Getting the train back on the tracks was the objective Wednesday morning, as a steam locomotive arrived in Elmira on a truck and departed being pulled behind another locomotive.
The Southern Ontario Locomotive Restoration Society, which operates the Waterloo Central Railway, has been working on steam engine No. 124 at its St. Thomas yard for the past eight years. Now the train is moving to the society’s shop in St. Jacobs for the finishing touches.
The small steam engine was built in Kingston in 1930 and used by a construction company that built railway track to move materials. After a stint in lumber country up north, it was bought by retired CN conductor Alex Brown in 1969. Brown kept the locomotive on a short piece of track in his front yard and eventually bequeathed it to SOLRS.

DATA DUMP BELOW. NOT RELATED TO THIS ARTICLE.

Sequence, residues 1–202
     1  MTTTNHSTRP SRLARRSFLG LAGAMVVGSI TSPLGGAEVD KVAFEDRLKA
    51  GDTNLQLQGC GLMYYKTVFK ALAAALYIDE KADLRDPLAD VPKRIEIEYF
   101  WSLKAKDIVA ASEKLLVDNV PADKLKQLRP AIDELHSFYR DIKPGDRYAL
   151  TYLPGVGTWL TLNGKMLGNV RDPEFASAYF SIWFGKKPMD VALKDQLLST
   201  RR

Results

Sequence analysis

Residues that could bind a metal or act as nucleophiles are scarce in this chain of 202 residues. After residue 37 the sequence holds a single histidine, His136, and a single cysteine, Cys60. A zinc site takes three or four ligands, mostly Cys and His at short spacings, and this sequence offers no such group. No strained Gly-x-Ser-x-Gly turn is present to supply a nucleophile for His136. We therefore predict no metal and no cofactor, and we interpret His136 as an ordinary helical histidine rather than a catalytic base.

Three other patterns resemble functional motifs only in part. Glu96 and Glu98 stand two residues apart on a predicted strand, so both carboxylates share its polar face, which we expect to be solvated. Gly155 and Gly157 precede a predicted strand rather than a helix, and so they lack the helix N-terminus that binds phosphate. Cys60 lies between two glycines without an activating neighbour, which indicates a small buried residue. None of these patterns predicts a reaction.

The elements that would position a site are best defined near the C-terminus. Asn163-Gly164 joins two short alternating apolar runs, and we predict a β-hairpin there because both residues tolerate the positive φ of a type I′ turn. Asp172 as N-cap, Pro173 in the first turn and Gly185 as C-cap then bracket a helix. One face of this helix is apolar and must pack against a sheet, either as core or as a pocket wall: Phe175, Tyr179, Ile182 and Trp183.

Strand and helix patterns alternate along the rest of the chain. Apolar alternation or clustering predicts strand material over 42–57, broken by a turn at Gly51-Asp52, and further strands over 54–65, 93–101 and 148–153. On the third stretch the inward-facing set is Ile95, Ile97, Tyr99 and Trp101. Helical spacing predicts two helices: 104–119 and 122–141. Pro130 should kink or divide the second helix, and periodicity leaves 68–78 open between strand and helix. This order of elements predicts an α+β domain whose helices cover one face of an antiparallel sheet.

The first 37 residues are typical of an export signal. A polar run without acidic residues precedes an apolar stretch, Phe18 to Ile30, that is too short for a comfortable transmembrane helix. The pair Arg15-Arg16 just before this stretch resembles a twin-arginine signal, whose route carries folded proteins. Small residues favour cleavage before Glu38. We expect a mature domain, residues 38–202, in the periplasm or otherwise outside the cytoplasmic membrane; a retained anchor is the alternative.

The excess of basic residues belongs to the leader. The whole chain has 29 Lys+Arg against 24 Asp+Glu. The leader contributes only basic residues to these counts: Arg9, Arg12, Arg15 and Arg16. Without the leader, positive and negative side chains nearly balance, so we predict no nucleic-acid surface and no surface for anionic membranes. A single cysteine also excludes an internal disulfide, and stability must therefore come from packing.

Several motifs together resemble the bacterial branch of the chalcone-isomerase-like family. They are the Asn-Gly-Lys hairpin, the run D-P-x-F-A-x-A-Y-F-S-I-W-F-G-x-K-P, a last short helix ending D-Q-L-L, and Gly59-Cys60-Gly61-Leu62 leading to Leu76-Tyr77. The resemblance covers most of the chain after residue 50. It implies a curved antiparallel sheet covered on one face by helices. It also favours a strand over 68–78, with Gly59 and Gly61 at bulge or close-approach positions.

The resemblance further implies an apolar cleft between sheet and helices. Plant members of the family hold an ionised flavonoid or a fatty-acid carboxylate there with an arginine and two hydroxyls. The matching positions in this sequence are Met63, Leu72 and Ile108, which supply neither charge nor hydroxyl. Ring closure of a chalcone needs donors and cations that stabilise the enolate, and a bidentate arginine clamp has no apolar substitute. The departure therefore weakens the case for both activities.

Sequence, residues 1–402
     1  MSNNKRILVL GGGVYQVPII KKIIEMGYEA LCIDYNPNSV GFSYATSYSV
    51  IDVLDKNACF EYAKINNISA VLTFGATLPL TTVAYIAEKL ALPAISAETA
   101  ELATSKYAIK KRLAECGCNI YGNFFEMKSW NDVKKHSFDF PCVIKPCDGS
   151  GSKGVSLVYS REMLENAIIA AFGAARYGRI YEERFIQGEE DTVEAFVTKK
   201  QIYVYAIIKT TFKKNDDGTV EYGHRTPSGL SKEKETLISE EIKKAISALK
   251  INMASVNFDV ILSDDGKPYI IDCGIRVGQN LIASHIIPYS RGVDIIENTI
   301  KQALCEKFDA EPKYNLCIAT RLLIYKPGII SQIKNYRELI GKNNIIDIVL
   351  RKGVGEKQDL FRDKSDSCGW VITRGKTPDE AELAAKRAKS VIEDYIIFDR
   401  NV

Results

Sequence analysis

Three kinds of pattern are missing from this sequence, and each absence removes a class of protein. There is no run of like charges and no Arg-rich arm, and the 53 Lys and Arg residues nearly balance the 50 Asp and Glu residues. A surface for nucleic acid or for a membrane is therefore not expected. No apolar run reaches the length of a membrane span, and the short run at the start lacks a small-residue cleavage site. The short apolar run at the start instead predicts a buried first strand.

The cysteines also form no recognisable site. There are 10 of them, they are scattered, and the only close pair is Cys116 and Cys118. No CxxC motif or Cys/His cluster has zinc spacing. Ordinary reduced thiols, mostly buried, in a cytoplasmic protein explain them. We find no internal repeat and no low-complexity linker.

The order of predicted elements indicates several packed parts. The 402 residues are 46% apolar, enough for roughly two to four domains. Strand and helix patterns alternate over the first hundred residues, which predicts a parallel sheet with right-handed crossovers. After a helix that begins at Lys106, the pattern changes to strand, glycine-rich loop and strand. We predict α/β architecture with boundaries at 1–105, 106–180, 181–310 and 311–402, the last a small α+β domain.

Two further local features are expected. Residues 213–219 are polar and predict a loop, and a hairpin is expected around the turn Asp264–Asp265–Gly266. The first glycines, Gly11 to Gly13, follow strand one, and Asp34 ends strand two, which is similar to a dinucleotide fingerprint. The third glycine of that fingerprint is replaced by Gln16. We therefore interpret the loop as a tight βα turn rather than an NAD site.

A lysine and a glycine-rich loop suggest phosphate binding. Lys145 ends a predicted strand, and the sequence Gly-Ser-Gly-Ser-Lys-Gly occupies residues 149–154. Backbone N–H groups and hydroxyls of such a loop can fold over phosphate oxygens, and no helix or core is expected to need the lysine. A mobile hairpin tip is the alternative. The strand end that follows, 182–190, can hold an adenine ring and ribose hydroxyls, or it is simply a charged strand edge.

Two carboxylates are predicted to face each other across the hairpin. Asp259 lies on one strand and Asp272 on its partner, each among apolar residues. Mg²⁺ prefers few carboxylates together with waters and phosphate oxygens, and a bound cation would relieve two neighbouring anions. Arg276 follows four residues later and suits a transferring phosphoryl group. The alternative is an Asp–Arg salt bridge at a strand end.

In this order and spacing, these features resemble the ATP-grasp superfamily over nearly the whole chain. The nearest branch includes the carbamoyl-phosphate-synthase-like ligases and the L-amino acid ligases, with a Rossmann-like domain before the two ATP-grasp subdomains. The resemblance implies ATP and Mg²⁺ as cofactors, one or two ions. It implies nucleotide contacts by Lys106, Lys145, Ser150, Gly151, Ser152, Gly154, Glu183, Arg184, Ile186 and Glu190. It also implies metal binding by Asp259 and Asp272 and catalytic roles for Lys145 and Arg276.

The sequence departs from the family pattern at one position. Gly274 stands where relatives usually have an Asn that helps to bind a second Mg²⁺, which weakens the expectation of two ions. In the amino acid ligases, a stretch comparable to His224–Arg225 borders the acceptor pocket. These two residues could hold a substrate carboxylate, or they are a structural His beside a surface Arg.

Loaded on a gooseneck flatbed so it was low enough to pass under overhead wires, the locomotive was trucked to Elmira. It isn’t possible to get a truck onto the tracks at St. Jacobs, so the engine was carried to the crossing adjacent to Chemtura.
With the locomotive sitting on pieces of temporary track, the trailer was parked on a slight incline. The chains holding the engine in place were taken off, and with a gentle tug from a diesel locomotive, it came rolling off the flatbed and onto the tracks.
Roy Broadbear, one of the restorers working on the train, estimated the work is 80 per cent complete, with another year or two to go before it’s working the spur line.